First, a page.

Since 2013, Belgium has an official resettlement policy. To be resettled to Belgium, a third country national first has to be selected by UNHCR. After this initial selection, CGRA officials travel to the country of residence to screen the person’s vulnerability and to carry out the required security checks. If a person is eligible to be resettled to Belgium, the third country national receives a humanitarian visa. Upon arrival in Belgium, the person can introduce an application for international protection.

Belgium pledged to resettle 1,250 persons in 2022, 1,400 in 2023 and 1,500 in 2024. Most of the third country nationals to be resettled would be Syrians currently hosted in Türkiye and Lebanon.[1]

Due to the ongoing reception crisis (see Constraints to the right to shelter) the resettlement programme is severely impacted. During 2022, only 71 out of 1,250 resettlements (6%) were effectively executed. [2] These 71 were mainly Syrian refugees being transferred from Jordan, Egypt or Lebanon. According to the Secretary of State, the transfer of 361 refugees who had already been selected for the resettlement program were put ‘on hold’ for an undetermined period of time.[3] A lack of reception places being the main reason for the obstruction of the resettlement program, Fedasil has started to invest in a Community Sponsorship program in collaboration with Caritas International,[4] as an alternative reception model to secure the effective implementation of resettlement programs in the future.[5]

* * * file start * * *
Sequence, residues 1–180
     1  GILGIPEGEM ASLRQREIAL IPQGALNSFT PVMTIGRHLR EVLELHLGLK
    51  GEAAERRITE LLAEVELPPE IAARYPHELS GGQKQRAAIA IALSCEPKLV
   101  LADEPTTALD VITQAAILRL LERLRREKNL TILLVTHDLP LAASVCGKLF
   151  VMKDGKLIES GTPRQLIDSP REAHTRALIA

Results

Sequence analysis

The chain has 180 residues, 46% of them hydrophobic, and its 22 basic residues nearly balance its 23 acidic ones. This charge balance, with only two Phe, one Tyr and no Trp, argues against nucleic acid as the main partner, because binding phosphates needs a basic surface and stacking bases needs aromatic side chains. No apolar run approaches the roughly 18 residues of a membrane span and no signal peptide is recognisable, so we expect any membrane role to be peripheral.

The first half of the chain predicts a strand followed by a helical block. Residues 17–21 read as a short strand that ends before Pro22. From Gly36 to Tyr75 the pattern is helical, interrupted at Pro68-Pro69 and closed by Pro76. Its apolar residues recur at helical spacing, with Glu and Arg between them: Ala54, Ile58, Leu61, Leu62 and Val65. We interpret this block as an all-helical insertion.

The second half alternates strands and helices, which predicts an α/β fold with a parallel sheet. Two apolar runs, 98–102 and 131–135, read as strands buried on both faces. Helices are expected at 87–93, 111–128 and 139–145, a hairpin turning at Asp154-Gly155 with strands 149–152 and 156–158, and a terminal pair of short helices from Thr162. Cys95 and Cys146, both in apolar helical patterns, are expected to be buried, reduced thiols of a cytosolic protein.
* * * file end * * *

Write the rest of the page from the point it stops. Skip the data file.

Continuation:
Number of third country nationals resettled to Belgium[6]
Year Number
2015 276
2016 452
2017 1309
2018 880
2019 239
2020 176
2021 964
2022 71